Most of the jurisdictions posses a set of legal tools to deal with responsibilities of the oil field developer (further designated as lesee) and the owner of mineral rights (lessor), as mentioned in previous post usually a government. Agreements, as a whole called fiscal regimes for international petroleum agreements (IPAs) became synonymous with the financial “split” between the two parties over the life of the oil project. We can discern following most typical categories of international petroleum agreements:
Concession (Royalty Tax system)
With the oldest history reaching a XIX century. The lessee is guaranteed to produce and trade the oil in any way he wishes in exchange for a royalty paid to the lessor. Lessee remains liable for corporate income taxes and sometimes special oil and gas taxes. Oil company takes a title to the wellhead, provides capital for exploration, development and production. Royalty being paid by an oil company to the lessor (typically government in a given country) is usually a percent of a revenue (price for which physical oil is being traded).
Production Sharing Agreement (PSA)
Also described as production sharing contract (PSC). For the first time introduced by Indonesia in the 60’s. The difference from Royalty Tax System is that the lessor (typically government) retains partial ownership in the physical oil produced. The PSA divides oil produced to cover the costs of development and production (cost oil) first and allocates remaining residual oil (profit oil) to be split between the lessor and the lessee. These contracts tend to have a very complex structure, concentrating on covering all aspects of costs, rates of cost deduction, and et cetera that limit the compensation of the company before the lessor gets his share (so-called takes).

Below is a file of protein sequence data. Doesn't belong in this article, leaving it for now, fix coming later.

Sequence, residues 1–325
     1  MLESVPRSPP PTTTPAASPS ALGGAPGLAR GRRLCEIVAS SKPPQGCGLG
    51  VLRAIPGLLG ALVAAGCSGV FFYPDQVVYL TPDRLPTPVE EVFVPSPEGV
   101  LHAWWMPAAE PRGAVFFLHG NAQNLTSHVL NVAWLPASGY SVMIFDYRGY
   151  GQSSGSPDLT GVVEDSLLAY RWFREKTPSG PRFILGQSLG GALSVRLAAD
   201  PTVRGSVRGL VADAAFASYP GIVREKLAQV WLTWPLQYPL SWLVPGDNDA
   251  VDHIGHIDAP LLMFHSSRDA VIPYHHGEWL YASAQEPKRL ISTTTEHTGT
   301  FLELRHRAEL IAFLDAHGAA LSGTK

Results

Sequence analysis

-company has property shares title
-leese splits exploration, production, development capital with a lessor
-oil company pays no or low royalty
-there are usually limits on amount of capital and operating cost deemed deductible per year
-company pays government CIT and special oil taxes
Risk service contract
Could be classified as transactional services agreements. In short, oil company provides development, production and transportation services to the lessor in return for an agreed upon dollar per barrel rate.
- oil company remains only a contractor with no rights and title to physical oil and provides little or no capital.
-pays no royalties
- but still pays taxes
Acquiring and managing the rights to exploration has become a business in itself. Very often, the real value lies in the information and knowledge about the given physical oil properties. Many title owners have monetized this value through exploration lease auctions.
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